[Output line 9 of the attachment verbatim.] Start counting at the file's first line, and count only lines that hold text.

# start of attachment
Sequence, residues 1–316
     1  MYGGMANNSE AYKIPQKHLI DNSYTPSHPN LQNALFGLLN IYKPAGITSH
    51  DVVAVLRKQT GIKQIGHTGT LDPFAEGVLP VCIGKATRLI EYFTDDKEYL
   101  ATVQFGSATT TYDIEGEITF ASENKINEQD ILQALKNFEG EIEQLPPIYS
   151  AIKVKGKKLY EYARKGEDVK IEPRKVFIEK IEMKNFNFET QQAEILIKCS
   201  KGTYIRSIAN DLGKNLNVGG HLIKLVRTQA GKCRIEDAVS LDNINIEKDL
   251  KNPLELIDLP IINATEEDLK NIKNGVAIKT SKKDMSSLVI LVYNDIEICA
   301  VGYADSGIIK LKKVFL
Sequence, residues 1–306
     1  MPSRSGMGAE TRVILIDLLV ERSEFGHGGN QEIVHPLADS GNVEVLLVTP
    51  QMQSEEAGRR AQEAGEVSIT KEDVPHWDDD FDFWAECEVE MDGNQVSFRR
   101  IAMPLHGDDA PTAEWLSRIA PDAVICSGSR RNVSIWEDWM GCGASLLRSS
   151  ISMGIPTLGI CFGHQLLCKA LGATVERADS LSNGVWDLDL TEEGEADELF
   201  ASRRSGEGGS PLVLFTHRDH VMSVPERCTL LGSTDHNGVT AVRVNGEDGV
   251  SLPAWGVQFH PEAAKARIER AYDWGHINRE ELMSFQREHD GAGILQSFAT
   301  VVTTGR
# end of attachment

Sequence, residues 1–306